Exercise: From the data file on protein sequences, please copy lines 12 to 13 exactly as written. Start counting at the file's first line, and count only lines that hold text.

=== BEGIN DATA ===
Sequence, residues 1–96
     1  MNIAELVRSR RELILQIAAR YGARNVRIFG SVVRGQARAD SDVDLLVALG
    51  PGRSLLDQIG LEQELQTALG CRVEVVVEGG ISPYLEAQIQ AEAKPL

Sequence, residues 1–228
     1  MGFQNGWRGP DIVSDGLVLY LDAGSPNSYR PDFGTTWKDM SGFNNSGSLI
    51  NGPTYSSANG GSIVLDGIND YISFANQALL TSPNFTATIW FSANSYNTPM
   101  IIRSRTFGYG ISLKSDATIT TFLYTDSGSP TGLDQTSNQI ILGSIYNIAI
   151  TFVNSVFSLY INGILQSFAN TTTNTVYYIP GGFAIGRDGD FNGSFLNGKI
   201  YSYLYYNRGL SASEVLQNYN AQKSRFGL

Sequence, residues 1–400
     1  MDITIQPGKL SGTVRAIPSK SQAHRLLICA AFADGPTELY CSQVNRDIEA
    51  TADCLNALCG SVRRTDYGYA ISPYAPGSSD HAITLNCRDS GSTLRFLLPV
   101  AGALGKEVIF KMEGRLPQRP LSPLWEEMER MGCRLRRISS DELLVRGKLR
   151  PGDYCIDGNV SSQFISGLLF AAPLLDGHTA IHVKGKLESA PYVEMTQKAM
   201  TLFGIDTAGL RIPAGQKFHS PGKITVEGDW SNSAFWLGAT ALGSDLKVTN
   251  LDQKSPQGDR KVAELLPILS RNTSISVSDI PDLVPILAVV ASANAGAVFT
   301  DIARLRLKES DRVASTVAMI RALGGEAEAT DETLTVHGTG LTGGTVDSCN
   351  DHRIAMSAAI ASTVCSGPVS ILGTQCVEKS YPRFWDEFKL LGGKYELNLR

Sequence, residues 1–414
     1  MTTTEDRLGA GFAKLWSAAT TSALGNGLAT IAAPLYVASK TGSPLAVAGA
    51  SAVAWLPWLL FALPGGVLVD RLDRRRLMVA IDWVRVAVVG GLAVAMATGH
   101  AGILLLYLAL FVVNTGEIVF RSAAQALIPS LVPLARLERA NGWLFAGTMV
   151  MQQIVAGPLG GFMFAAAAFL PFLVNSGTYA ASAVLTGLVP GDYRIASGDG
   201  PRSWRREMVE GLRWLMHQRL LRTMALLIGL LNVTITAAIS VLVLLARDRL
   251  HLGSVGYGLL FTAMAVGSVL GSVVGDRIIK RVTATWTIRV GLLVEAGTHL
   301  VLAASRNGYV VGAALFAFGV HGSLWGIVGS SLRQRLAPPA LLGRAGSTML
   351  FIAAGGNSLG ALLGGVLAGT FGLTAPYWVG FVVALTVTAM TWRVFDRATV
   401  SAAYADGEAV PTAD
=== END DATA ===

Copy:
    51  TADCLNALCG SVRRTDYGYA ISPYAPGSSD HAITLNCRDS GSTLRFLLPV
   101  AGALGKEVIF KMEGRLPQRP LSPLWEEMER MGCRLRRISS DELLVRGKLR